|Glacial meltwater was a “crucial lifeline” to aerobic marine habitats during the ice age. / Photo by Christian via 123rf|
A world without liquid water and just pure solid ice in almost all directions would certainly not be a place in which life forms can survive. Yet, our planet has endured several frozen periods. How then did the early animals possibly survive during such a period? The answer is glacial meltwater, according to McGill University-led research.
Their recent study finds that glacial meltwater was a “crucial lifeline” to aerobic marine habitats during the ice age.
Understanding Snowball Earth
The Earth has experienced several changes in its 4.5-billion-year history. One dramatic episode occurred between 700 million and 600 million years ago, which geologists have called the Snowball Earth. This hypothesis suggests that the Earth’s land surfaces and oceans from the poles to the equator were once covered by ice.
When icy deserts dominated the Earth
It is one of the “Earth’s most severe ice ages,” according to McGill University’s postdoctoral researcher in the Department of Earth and Planetary Sciences Maxwell A. Lechte and team. They explained that the widespread ice coverage happened during the Cryogenian Period. Scientists have been puzzled for many years by how early life survived during such a period where oceans were not receiving life-giving oxygen.
Lechte and colleagues used the iron-rich rocks that were left behind by glacial deposits in California, Namibia, and Australia to better understand the environmental conditions during the severe ice age period. To obtain these rock formations, the team utilized the geological clues and maps from the locals and hiked the rocky outcrops where the rocks can be found. They then examined the chemistry of iron formations of the said naturally occurring solid mass and it led them to estimate the oxygen in the oceans when Snowball Earth glaciations happened. Their findings also helped them better understand the effects of lack of oxygen on all marine life that are oxygen-dependent. Some earliest animals that are oxygen-dependent are the sea sponges.
|Tthe widespread ice coverage happened during the Cryogenian Period. / Photo by Evgenii Krasnikov via 123rf|
Supply of oxygenated meltwater
The researchers suggest that although icy deserts dominated the Earth during the Cryogenian period and that the oceans would be uninhabitable to aerobic marine habitats because of lack of oxygen, there was a “critical supply of oxygenated meltwater.” Their study appeared in science news platform Science Daily. The supply of oxygenated meltwater was found in areas where the grounded ice started to float or what is now referred to as the glacial oxygen pump.
This means that air bubbles were trapped in the glacial ice and were released into the water as it melted This helps the animal life survive in extreme glaciation.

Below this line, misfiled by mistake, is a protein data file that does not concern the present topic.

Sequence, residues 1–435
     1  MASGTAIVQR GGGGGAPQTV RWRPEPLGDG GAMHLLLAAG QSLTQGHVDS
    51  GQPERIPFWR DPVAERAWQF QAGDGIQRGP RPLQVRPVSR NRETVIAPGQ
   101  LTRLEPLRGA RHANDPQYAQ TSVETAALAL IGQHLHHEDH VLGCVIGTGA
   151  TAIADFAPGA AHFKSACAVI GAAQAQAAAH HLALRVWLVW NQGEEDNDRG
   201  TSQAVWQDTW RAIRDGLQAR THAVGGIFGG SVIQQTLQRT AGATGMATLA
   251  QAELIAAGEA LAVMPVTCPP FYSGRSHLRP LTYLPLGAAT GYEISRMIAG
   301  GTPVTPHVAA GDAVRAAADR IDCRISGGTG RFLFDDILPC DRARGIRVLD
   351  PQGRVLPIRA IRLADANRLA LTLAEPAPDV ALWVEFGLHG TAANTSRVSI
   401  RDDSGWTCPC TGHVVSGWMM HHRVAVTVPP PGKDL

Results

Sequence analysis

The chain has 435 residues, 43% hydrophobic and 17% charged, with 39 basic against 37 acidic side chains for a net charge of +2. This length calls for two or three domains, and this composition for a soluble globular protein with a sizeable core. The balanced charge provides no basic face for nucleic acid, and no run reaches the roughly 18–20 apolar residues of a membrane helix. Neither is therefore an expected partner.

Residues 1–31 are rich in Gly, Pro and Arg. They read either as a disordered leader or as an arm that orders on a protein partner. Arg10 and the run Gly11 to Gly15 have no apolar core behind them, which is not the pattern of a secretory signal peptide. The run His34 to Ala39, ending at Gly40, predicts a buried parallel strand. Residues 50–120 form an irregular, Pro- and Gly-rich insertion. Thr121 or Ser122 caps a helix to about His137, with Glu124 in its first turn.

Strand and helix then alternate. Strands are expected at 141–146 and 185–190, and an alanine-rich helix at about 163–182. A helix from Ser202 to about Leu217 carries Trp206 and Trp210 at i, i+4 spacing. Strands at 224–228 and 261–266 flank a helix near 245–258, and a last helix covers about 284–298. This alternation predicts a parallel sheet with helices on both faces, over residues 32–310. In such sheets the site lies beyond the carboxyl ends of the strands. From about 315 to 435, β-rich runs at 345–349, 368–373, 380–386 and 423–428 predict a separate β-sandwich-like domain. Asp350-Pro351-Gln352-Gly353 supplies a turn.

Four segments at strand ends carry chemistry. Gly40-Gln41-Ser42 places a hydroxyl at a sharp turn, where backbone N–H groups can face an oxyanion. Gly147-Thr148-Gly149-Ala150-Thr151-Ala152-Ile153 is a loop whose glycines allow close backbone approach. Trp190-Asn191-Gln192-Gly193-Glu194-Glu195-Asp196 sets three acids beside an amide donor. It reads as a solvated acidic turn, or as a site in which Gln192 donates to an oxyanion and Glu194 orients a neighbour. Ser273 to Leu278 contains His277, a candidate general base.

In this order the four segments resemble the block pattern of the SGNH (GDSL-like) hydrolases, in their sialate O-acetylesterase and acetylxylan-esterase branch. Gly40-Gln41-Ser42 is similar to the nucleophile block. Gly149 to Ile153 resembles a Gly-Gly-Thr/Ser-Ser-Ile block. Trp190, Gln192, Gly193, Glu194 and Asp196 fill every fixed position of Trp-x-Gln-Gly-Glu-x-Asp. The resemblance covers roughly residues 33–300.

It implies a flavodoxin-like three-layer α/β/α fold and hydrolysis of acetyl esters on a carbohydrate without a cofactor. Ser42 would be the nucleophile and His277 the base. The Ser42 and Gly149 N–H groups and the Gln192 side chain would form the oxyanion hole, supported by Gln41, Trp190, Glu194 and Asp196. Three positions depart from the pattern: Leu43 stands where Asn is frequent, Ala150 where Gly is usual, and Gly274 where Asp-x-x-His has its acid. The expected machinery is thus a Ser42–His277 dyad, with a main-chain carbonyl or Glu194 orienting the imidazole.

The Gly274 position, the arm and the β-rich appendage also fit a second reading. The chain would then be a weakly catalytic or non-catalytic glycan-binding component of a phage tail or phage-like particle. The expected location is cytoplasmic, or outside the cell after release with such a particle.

The lead author added that since global freeze happened before the evolution of complex animals evidenced a connection between animal evolution and Snowball Earth. The team theorized that the harsh environment conditions stimulated the animals’ diversification into more complex forms.
Lechte added that although their study focused more on the availability of oxygen during the Cryogenian period, the primitive eukaryotes (organisms) would have likewise needed food to survive. This is why further study of the early food web is needed. The iron could be a clue to how the eukaryotic life lived in the glacial waters as the seawater was a source of dissolved iron.
Today, chemotrophic bacteria take their energy from the oxidation of dissolved iron. Chemotrophs are a class of organisms that collect their energy through the oxidation of inorganic molecules, such as magnesium and iron. The starting point of such a food web can also be referenced to how modern ice environments now host complex ecosystems.
The researchers believe that their findings solved two mysteries about the Cryogenian period’s Snowball Earth. First, it explains how early animals lived during global glaciation and second, it details the “return of geological record after an absence of over a billion years,” Professor Galen Halverson said.
What prevented the Earth’s full freeze-over?
Geologist Linda Sohl of the NASA Goddard Institute for Space Studies, who is not involved in the McGill University-led research, previously conducted a study about Snowball Earth together with her colleagues. During their simulations of the Cryogenian period, they discovered that the planet’s global mean temperature could have fallen 12 degrees Celsius below freezing but not completely frozen over. Their findings led to the prediction that some parts of the oceans remain ice-free.
“The ocean circulation seems to help in preventing a full freeze-over,” Sohl said. They said that there is open water in the tropics although glaciers are covering much of the landmass.
Meanwhile, the National Show and Ice Data Center, an information and referral center in the US in support of polar and cryospheric research, shared that there are animals that have adapted to co-exist with the cold. These animals include bison, elk, deer, and other grazing animals that use their muscles and hooves to clear the snow away from plants to survive. There are also other animals, such as the snowshoe hare, that develop ways to travel on top of deep snow. For example, they spread their toes to walk without falling through.